Archive for ‘Rondel Rawlins’

June 23, 2008

Close to the bone

 

 

 

It was an odd day today. I know, most of my days are odd but this one was odder. It was a news producing day  today and things were looking bleak by midday. We simply had no stories and I was, as usual, worried and verging on panic despite the amazing Giselle ( who I would steal and take to any company I ever work with) kept reassuring me that things would be fine and in any case she was reading so no matter what developed she would be the one on camera to suffer. Then it happened. While searching for regional news to pad that section I found a story that rather flummoxed me. I found something that suggested there had been another massacre in Guyana.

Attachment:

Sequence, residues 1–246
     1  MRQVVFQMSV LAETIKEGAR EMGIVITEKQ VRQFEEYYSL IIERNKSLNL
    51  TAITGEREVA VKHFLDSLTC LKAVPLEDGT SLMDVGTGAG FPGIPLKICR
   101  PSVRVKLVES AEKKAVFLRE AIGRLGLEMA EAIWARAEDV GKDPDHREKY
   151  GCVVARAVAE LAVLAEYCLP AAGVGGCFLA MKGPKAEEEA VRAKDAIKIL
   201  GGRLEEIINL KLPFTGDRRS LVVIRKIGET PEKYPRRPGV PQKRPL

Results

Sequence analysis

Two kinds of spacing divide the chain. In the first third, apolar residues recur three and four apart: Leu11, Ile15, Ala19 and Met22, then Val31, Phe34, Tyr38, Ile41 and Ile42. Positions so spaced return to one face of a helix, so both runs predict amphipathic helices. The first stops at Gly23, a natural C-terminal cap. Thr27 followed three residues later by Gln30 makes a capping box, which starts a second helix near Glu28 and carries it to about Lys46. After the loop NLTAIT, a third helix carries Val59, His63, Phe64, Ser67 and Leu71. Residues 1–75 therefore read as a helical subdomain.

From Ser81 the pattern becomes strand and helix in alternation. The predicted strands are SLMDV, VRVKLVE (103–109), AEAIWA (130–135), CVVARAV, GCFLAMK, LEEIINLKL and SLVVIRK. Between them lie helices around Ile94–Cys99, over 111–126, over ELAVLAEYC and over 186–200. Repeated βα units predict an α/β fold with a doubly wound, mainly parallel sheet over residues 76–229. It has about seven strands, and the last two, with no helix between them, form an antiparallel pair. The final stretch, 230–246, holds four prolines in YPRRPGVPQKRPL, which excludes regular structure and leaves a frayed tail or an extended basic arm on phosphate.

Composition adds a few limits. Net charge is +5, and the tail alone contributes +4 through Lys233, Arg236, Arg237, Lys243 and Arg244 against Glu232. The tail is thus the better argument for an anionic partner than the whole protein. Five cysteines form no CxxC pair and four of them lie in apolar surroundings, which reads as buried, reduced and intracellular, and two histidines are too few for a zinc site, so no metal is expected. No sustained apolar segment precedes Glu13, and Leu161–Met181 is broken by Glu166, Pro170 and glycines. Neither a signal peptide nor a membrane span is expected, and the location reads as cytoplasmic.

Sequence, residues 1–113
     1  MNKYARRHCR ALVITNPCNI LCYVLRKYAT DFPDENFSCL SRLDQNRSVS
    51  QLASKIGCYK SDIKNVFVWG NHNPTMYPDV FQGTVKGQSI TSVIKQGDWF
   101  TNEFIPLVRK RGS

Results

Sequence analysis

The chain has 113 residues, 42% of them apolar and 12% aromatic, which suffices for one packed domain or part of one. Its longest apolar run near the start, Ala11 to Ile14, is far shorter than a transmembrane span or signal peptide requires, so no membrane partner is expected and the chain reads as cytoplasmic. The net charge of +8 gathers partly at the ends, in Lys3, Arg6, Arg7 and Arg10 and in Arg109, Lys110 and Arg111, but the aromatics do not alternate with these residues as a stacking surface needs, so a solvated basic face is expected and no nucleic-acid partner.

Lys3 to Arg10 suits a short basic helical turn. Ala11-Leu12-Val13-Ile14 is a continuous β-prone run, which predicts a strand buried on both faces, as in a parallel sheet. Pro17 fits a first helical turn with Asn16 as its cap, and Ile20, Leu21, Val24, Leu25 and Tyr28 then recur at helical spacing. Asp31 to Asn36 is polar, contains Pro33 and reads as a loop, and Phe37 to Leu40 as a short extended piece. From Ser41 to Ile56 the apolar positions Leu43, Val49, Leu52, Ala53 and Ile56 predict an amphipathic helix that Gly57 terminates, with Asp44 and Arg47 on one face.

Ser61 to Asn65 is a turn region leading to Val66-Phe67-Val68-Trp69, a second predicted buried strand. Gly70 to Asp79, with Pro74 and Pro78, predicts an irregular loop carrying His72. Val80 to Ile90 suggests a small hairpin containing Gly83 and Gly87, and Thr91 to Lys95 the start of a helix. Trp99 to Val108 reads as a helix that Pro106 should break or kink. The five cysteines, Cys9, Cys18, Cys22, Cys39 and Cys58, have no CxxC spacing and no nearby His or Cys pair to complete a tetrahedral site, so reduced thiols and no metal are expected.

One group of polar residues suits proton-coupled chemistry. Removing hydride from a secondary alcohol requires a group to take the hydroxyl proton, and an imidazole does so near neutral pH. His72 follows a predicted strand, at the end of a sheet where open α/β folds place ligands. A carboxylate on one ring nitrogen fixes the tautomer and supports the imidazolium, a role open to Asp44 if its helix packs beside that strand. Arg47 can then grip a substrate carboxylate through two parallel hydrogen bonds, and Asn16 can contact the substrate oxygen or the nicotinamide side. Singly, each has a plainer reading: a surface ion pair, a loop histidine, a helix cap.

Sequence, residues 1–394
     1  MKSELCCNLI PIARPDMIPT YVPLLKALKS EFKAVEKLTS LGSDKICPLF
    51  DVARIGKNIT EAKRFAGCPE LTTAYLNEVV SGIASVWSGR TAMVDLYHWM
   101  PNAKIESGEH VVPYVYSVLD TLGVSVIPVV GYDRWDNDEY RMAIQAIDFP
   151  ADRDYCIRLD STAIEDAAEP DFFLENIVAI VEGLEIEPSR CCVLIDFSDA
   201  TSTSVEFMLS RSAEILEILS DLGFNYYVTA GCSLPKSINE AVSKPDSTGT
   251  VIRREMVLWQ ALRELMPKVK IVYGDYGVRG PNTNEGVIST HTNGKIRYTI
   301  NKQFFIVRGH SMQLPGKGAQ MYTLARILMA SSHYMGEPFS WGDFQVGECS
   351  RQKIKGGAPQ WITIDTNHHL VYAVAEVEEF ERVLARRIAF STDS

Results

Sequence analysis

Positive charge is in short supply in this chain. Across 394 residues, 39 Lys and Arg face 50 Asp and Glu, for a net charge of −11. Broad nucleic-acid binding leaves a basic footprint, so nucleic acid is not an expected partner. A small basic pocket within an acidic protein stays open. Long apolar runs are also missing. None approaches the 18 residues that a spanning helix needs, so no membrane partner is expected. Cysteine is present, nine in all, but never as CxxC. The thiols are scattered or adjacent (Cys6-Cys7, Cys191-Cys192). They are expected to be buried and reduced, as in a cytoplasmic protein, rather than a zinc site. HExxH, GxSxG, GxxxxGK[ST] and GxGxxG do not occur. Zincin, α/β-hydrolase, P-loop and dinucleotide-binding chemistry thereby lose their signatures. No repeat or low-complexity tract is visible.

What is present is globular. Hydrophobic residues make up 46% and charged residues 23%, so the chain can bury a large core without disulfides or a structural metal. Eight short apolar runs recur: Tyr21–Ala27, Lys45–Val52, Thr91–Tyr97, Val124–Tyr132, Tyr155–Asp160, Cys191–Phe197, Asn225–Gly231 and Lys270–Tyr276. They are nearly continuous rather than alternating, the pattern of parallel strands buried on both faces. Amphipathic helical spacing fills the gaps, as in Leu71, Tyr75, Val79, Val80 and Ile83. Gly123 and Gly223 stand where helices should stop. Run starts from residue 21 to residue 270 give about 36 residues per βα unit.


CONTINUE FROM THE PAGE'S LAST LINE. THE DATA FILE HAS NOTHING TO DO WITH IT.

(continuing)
I was a bit surprised because the story apparently did not have any legs. I could not find it on any of my standard news sources. How could a major story – another massacre in Guyana – not be everywhere including the BBC? A few calls to our sources including a Minister who hung up on Nadine Hackett led us to believe the story was real. Even more strangely a quick internet trip to the usual Kaieteur News and Stabroek News sites showed the story was real. How the heck did this story not make it onto the radar? Even more strangely, speaking to one of my colleagues in another media house, without mentioning the story we had discovered, revealed they had no clue. I might have had a moment of guilt in not telling someone I truly respect about the story but a local exclusive is an exclusive after all.  Welcome to the world of friendly competition.